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Cornell expert advocates energy conservation first

"Energy conservation and efficiency is the only strategy that is good across the board," said Cornell geologist Richard Allmendinger '75, lecturing on solutions to the world's closely related climate and energy problems June 11 in Snee Hall during Reunion Weekend. With more than half of U.S. energy lost to inefficiencies across all energy sectors, he noted that conservation and efficiency have a big upside without some of the negative consequences that other fixes pose to climate or fresh water.

Saving energy will require personal discipline to invest in hybrid cars or unplug appliances when not in use, for example, said Allmendinger, professor of earth and atmospheric sciences, during his talk, "Energy and Climate: Flip Sides of the Same Coin." To get people to reduce their use of energy may require governments to make such potentially unpopular political decisions as artificially raising the price of gasoline, which "would be the best thing we could do" to spur people to use energy more efficiently, he said.

The world's geologists and energy companies must work in the short term to find more conventional sources of oil and natural gas, because nontraditional fossil fuel sources, including tar sands, shale hydrofracturing and gas hydrates, are harder to extract and often have further negative environmental consequences, he said. Also, the world cannot transition quickly enough to green technologies to meet skyrocketing energy needs, he added.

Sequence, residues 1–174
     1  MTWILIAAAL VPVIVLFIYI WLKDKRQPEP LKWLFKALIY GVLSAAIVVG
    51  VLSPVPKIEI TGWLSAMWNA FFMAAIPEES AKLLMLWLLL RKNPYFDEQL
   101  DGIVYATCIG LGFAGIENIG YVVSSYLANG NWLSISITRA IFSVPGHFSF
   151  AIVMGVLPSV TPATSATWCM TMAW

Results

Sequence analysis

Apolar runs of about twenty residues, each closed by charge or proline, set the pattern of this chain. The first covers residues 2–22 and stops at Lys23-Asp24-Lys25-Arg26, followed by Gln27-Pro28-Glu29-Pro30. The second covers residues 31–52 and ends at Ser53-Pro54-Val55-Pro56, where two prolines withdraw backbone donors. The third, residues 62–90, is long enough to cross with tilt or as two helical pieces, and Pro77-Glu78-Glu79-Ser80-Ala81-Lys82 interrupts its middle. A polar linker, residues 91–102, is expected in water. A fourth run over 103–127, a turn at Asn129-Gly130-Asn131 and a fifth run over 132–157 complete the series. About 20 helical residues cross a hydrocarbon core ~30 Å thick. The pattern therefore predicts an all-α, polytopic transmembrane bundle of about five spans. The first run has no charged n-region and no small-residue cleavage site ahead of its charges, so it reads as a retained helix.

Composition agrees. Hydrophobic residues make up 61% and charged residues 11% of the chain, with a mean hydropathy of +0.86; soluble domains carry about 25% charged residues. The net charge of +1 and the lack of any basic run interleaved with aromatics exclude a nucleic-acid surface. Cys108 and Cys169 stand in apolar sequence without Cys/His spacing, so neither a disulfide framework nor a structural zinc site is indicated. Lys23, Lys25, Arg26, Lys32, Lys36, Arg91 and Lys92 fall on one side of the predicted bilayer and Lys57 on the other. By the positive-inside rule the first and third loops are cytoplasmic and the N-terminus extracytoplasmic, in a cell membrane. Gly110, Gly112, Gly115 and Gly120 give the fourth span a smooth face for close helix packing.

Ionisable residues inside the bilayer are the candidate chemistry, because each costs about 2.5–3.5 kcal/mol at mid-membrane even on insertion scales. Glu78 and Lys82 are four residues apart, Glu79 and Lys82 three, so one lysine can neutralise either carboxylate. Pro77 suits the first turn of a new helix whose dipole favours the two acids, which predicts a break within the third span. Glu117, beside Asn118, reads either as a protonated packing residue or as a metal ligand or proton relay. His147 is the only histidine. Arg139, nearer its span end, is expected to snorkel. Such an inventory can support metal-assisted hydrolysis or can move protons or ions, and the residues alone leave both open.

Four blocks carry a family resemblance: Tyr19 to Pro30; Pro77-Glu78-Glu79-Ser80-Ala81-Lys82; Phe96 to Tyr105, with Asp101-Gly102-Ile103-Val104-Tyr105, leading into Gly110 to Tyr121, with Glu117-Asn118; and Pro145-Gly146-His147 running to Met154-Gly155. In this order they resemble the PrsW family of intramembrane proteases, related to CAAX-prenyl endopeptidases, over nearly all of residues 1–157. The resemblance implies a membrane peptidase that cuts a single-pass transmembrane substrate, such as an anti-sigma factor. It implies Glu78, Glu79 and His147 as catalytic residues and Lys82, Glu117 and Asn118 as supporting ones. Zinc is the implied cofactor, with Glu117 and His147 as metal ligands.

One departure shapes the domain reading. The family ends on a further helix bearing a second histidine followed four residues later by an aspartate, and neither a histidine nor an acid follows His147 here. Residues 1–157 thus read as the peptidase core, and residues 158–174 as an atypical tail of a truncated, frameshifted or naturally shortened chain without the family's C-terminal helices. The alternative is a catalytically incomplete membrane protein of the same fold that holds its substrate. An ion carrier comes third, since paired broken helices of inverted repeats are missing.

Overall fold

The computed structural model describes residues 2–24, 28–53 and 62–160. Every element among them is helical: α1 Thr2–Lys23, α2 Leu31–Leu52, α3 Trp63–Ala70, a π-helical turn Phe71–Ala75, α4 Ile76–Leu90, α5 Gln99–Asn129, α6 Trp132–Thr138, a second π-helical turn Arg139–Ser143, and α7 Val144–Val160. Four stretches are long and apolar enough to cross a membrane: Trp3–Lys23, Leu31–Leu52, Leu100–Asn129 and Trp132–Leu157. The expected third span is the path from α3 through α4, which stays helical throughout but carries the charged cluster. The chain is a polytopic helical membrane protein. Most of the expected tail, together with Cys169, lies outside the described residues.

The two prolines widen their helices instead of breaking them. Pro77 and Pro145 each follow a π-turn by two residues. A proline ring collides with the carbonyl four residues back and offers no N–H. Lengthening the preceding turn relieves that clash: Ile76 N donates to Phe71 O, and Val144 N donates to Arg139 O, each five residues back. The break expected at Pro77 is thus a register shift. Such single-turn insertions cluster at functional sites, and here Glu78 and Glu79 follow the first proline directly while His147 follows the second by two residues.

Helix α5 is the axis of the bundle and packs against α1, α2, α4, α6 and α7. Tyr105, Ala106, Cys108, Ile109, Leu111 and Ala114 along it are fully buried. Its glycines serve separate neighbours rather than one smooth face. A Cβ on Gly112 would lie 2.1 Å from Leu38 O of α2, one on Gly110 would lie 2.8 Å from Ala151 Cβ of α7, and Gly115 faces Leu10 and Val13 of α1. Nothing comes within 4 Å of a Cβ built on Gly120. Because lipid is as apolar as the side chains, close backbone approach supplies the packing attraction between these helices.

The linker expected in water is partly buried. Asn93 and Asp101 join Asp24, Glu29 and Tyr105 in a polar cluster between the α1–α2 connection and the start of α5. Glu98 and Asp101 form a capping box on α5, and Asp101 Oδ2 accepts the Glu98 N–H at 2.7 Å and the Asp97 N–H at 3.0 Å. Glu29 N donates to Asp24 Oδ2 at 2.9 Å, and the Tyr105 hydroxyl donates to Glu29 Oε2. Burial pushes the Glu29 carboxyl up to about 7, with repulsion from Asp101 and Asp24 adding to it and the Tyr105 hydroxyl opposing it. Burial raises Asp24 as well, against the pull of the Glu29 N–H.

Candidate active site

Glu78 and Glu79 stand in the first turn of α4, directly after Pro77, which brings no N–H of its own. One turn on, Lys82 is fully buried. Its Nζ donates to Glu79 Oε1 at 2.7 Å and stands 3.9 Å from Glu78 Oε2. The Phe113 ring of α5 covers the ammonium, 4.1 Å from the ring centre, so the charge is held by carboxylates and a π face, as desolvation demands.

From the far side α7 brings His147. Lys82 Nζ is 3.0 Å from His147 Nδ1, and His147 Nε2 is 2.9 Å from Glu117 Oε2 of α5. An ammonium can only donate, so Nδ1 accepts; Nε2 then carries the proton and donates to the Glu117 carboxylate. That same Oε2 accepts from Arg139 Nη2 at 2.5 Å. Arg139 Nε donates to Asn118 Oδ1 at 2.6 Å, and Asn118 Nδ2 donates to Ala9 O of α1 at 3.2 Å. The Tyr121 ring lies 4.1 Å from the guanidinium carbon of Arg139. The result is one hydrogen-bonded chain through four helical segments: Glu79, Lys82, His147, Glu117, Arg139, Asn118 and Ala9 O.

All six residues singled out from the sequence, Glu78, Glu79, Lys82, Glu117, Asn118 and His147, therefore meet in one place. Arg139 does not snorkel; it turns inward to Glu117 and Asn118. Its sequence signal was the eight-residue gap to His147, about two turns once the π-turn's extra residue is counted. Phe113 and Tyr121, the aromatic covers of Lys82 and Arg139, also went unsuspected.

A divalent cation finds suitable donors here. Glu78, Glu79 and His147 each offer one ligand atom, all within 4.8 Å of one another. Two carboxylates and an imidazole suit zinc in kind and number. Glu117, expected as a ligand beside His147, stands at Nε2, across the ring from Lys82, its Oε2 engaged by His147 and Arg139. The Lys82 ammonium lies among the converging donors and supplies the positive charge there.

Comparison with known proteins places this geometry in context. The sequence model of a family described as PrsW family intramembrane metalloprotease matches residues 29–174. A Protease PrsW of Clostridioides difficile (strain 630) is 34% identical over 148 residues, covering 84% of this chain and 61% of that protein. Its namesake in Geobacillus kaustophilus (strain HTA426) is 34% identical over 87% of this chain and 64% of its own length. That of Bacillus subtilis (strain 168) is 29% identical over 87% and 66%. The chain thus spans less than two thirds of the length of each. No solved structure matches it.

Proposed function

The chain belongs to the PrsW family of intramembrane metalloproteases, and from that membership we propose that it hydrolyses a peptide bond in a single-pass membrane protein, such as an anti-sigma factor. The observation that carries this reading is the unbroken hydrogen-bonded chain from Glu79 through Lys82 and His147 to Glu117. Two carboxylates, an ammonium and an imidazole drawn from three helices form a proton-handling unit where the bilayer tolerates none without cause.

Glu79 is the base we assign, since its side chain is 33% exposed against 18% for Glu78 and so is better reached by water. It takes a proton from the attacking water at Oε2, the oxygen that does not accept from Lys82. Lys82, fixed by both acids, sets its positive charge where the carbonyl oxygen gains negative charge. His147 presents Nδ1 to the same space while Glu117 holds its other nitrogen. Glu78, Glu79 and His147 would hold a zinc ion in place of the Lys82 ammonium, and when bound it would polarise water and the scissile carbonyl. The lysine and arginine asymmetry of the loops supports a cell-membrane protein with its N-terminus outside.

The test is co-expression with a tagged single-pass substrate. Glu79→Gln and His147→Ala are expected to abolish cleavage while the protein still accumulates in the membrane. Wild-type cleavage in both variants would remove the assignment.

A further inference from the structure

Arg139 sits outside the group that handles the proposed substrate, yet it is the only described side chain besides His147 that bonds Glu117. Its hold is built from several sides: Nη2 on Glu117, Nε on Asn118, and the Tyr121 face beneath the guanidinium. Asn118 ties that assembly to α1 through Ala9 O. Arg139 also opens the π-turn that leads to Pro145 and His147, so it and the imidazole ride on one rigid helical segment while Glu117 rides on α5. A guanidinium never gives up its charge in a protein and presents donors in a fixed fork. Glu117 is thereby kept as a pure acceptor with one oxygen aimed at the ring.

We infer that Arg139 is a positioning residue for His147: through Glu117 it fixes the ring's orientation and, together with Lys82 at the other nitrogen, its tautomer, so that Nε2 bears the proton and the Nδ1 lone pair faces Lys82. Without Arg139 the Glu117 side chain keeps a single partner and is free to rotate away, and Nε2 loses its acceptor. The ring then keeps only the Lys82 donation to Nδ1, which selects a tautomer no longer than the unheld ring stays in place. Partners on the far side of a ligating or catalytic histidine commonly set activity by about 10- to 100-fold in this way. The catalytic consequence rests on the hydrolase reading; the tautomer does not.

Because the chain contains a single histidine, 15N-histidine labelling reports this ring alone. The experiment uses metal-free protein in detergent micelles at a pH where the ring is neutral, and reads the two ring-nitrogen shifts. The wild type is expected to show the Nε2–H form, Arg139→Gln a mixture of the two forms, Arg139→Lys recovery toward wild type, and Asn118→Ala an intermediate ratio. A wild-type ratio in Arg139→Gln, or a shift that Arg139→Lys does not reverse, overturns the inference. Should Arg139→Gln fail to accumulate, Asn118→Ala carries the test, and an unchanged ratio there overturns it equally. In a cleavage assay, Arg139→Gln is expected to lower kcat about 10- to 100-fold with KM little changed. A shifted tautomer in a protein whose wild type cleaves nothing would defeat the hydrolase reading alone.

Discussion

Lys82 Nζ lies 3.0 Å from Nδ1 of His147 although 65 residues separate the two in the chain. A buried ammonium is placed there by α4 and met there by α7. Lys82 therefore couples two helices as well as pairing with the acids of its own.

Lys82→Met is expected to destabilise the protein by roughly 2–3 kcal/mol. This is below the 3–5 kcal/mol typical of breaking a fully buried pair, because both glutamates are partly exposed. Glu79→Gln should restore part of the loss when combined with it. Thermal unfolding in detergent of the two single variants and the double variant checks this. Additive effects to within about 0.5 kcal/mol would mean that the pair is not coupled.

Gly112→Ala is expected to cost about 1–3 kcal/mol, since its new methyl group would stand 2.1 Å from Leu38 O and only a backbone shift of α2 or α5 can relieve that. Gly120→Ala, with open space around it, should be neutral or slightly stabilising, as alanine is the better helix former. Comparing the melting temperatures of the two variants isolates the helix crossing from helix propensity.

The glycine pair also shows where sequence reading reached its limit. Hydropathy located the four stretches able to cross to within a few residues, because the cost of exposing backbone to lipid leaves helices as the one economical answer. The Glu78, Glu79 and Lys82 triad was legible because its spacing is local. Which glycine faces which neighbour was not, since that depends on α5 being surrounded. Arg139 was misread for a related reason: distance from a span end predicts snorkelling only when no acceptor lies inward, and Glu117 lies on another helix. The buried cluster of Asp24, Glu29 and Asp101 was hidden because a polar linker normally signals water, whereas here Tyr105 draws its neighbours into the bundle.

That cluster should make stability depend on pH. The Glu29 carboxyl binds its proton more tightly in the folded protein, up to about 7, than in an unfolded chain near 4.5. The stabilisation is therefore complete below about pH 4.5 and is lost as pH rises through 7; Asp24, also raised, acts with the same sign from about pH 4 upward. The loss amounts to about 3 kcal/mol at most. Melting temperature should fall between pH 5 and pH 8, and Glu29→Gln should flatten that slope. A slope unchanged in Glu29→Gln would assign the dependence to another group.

Allmendinger advocated for capturing carbon dioxide with existing technologies and then burying it (or sequestering it) deep underground, despite the fact such implementation would require a "huge" scale of deployment and use a great deal of energy, he said.

In the meantime, governments and companies should intensively develop such non-carbon-based energy technologies as solar, cleaner nuclear power, wind and geothermal, so they are ready for wide-scale use as early as 2040, he recommended.

Allmendinger outlined four fundamental issues -- energy, climate change, fresh water availability and soil degradation -- as potential sources of conflict that will be difficult to resolve this century. Many of these issues are closely interrelated, he said. For example, the energy industry uses large amounts of fresh water, as can be seen with local Marcellus Shale hydrofracturing, a process that requires vast amounts of chemically treated water to extract natural gas from shale.

The world's population, which is 6.8 billion today from 2.3 billion in 1953, when Allmendinger was born, with projections of 9.4 billion by 2050, is "the fundamental driver" behind energy, climate and other impending 21st century issues, said Allmendinger. Ironically, he noted, "we know technologically how to control population growth," and mentioned, for example, that education of women in developing countries leads to lower birth rates, but because of strong cultural barriers against such control, we put energy into developing new technologies to counter the problems that rising populations create.

His far-reaching talk also touched on such topics as peak oil discovery and production; the impossibility of meeting the world's 2050 energy needs without drastic innovation and policy changes; the details of Marcellus Shale gas hydrofracturing; coal, which is still available but environmentally hazardous; and past, current and future climate changes.

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John Carberry